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The Arsenal of Names and Meanings in Lebanon

The Arsenal of Names and Meanings in Lebanon

Wednesday, 10 November, 2021 - 11:00

When Lebanese people say “the Movement” (haraka in Arabic), they are referring to the Amal Movement led by Nabih Berri. For there are no other political groups that use this word to describe themselves; if they are found, they are regional, like the “Independence Movement,” which is only active in the Zgharta region. Indeed, since the demise of the “Arab Nationalist Movement” in the late 1960s the term “the movement” was no longer adopted by groups operating at the national level, at least not in Lebanon. Only in the mid-1970s did Imam Mousa al-Sadr revive it in a different context.


As for “Current” (Tayyar - which, while officially translated, in English, into “movement”, literally translates to “current”- in Arabic) it refers to the “Free Patriotic Movement” (Al Tayyar al-Watani al-Hor). The word “Future” prevails for referring to the Future Movement (Tayyar al-Mustaqbal), which is also referred to as a “current.” As for the “Marada Movement” (Tayyar al-Marada) in Zgharta and the “Dignity Movement” (Tayyar al-Karameh) in Tripoli, and others like them, they are regional parties that do not have the capacity to compete over meanings on a national scale.


With the term “party,” things change. Lebanon has seen the rise of well-established parties with a national reach founded as far back as the 1920s and 30s, such as the “Communist,” “Syrian Nationalist,” and “Phalangist” (aka Kataeb) parties. In the late 1940s and early fifties, the “Progressive Socialist Party” and the “Arab Baath Party” coming from Syria emerged. This is to say nothing about the parties that have always been there, like the “Najada Party” and the “National Liberal Party.” Even today, demand for the term “party” continues to go strong. The “Lebanese Forces” have transformed themselves into a party, and there are, of course, as in the cases of the “current” and “movement,” regional politicians and others operating at a neighborhood level who use the term “party” to label their few supporters.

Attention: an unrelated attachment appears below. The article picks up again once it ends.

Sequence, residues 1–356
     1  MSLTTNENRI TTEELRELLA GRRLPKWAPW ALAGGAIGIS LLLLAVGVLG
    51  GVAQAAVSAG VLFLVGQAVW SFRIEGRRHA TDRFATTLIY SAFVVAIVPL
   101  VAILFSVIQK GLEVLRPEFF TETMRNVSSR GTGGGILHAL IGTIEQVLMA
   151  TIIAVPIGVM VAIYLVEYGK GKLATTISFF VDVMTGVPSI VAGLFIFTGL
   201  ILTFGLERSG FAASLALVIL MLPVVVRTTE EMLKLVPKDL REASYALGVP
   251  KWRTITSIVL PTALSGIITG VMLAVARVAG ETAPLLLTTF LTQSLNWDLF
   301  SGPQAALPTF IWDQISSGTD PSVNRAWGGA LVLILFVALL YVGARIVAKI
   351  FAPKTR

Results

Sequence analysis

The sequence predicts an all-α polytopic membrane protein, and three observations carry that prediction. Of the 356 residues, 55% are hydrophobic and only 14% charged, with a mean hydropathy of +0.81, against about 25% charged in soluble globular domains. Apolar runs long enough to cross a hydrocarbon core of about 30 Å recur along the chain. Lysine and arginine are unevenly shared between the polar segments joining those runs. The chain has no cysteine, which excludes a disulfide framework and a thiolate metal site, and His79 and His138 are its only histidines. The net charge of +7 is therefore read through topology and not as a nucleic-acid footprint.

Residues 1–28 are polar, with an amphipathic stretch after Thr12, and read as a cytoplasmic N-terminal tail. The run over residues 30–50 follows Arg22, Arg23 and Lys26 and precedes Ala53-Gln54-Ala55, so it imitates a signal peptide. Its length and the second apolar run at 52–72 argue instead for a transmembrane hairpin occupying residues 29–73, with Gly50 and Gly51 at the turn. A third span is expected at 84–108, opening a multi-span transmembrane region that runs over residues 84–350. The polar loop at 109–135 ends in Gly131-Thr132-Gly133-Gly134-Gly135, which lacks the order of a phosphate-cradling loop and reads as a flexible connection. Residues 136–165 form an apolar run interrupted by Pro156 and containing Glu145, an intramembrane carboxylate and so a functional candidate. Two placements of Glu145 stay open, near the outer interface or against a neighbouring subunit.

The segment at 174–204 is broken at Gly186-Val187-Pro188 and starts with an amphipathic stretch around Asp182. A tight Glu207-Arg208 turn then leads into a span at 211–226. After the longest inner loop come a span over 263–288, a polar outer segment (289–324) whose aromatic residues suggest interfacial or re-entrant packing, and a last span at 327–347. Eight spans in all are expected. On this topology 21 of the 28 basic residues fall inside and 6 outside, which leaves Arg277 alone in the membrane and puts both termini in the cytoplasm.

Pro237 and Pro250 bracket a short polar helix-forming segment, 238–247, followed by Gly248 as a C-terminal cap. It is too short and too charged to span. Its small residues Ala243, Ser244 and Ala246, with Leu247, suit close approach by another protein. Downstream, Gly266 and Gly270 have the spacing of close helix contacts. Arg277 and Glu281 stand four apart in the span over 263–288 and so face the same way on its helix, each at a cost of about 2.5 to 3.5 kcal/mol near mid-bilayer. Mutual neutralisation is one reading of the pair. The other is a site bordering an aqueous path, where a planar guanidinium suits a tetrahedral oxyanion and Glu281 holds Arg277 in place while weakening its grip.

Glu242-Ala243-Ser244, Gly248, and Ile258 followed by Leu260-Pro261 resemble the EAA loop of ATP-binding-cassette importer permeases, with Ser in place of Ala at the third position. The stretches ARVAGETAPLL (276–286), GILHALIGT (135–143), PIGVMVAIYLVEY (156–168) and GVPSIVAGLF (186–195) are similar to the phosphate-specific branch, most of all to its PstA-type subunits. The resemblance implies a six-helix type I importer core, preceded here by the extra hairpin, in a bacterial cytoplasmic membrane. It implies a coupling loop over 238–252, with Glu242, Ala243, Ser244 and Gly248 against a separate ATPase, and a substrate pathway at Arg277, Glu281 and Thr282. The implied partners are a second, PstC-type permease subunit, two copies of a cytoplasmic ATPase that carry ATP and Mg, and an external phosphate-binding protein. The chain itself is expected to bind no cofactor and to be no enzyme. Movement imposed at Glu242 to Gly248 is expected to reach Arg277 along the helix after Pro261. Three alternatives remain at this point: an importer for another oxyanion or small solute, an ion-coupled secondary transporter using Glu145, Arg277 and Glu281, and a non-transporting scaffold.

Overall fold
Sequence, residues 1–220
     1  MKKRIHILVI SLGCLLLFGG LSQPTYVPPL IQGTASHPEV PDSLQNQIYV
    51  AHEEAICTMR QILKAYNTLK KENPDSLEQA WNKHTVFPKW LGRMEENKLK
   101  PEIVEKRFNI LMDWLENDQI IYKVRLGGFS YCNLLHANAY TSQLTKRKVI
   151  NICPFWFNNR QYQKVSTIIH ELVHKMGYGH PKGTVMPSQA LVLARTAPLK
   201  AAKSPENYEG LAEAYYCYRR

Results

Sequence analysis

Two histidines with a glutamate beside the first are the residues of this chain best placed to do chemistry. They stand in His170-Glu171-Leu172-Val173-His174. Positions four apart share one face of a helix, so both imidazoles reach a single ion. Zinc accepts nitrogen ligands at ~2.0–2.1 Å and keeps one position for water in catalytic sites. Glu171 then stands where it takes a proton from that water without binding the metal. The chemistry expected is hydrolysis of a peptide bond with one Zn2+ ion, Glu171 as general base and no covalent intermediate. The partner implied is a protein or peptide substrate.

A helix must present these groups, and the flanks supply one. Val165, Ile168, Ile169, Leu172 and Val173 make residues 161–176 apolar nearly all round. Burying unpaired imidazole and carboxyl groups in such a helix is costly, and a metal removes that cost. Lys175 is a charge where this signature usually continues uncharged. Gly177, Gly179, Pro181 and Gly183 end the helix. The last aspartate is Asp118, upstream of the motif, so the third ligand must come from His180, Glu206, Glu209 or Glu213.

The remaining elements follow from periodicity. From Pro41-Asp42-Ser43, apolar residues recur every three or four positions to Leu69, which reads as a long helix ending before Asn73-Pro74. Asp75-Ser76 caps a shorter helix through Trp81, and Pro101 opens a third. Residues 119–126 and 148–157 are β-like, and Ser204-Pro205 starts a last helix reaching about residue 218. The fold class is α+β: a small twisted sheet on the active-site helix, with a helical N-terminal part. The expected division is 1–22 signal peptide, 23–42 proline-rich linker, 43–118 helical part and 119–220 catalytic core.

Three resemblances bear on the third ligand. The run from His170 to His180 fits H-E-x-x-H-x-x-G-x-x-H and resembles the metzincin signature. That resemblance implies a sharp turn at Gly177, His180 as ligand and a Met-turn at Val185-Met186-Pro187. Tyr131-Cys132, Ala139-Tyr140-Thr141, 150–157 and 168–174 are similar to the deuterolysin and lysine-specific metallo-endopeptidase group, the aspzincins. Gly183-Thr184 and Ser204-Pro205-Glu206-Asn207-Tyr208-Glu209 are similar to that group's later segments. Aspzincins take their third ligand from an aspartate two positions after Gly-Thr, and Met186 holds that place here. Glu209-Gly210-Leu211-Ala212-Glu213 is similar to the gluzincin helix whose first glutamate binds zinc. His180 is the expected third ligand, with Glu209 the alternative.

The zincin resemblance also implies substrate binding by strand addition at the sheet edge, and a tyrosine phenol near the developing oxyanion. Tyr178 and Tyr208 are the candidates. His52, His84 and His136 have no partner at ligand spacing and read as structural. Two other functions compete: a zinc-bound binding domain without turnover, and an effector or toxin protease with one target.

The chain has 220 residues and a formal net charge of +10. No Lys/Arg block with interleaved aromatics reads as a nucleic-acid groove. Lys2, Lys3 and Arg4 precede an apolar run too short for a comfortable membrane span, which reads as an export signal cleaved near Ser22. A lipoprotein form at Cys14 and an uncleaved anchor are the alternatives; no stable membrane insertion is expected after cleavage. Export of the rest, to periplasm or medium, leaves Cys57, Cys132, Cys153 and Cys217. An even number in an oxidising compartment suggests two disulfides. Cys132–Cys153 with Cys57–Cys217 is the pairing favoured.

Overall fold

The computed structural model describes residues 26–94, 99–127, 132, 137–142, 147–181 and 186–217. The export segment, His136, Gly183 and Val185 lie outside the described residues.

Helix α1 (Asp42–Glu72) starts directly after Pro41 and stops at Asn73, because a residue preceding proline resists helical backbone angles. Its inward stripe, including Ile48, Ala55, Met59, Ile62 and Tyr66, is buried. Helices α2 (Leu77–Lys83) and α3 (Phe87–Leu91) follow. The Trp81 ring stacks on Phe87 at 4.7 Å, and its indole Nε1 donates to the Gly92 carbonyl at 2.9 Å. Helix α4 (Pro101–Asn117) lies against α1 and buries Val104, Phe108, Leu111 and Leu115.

Despite that, if you say “the Party” it is understood that you are referring to Hezbollah. It alone is the party, as affirmed by all, including the leaders of some of the other parties. This phenomenon seems funny and pathetic when leaders of the “Communist” and “Syrian Nationalist” parties use the term “the Party” to refer to Hezbollah rather than their own. Once we add that the latter is the only one that has the term god in its name, the exclusivity and infallibility are heightened further.